In Out of Africa Baroness Blixen's farm works as a home not only to herself and her husband (although he never seems to be around), but also the "squatters", servants, animals, and traveling friends who blow in and out of the farm.
It's kind of a study of how to build a home away from home; the Baroness is an immigrant in British East Africa, and most of the other characters are transplants, too, but the farm becomes their home base, keeping them safe from the wild world. That is, until it doesn't: losing her home is the great tragedy of the Baroness' life.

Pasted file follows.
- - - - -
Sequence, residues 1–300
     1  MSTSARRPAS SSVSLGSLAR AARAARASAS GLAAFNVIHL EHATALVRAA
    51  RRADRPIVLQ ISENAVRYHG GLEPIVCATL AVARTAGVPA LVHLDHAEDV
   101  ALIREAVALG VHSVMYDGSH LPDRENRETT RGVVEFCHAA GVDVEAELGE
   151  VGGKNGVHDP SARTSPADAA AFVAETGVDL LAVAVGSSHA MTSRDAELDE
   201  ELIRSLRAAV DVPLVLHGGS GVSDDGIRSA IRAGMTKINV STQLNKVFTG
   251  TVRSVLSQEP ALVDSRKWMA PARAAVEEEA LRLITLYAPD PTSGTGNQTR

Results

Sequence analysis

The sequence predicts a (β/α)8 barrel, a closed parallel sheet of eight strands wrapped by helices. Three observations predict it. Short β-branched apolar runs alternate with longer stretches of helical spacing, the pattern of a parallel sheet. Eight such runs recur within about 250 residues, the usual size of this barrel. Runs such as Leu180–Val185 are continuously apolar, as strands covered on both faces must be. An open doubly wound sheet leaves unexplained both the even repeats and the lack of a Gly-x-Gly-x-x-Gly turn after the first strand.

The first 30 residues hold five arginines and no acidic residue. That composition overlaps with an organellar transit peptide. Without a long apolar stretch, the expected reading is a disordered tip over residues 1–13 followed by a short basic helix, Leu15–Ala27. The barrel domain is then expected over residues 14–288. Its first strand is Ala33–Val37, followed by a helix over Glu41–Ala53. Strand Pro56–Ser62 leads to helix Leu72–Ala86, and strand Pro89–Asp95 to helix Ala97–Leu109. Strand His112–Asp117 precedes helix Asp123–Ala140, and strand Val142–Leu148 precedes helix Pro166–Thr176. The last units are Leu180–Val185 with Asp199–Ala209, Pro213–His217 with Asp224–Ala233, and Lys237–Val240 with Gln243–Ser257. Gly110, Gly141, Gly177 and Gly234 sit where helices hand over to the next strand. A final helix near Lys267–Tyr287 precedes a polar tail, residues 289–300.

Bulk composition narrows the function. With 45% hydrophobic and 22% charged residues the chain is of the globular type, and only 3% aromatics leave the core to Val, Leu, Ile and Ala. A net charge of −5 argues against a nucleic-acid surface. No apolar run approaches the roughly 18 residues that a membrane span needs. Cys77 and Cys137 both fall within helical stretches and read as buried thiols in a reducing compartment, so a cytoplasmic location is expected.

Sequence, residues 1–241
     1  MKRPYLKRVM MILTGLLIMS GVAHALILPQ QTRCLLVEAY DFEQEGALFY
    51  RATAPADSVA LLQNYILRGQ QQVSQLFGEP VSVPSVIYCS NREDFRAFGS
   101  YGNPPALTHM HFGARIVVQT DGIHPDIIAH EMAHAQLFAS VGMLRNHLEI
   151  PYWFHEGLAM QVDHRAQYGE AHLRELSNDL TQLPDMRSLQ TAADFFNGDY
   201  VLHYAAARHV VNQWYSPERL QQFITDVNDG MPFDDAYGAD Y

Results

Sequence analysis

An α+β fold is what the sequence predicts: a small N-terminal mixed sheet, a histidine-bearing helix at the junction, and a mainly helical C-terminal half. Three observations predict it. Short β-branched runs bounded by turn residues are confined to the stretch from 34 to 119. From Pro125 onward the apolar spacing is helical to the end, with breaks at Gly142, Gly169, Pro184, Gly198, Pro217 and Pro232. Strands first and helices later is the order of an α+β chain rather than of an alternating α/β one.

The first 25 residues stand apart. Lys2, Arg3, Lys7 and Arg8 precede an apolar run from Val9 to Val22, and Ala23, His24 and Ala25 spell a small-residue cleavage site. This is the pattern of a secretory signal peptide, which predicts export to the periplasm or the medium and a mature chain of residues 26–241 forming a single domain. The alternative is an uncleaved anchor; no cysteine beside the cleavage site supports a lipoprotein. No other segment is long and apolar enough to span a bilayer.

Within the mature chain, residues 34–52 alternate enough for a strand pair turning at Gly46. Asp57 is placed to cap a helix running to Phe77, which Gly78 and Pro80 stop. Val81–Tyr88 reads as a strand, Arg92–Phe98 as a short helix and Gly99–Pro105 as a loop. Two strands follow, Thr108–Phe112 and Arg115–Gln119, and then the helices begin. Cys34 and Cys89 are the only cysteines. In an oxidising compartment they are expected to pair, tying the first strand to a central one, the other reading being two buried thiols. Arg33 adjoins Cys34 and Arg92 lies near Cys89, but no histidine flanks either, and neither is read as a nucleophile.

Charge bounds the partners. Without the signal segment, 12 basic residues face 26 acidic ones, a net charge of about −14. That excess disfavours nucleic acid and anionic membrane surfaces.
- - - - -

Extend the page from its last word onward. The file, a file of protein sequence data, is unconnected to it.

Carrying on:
Questions About The Home
- What does the narrator mean when she says that her friends viewed her home as a communist establishment?
- When the narrator sells the farm, a few of her friends die right around the same time. What does this tell you Blixen's feelings regarding the loss of her home?
- Where do you think that the Baroness considers her home to be after she has left Africa?
Chew on This
The farm is a home to so many immigrants because it is full of the comforts of Europe.
The farm represents the loss of home for all of the squatters who live on the land.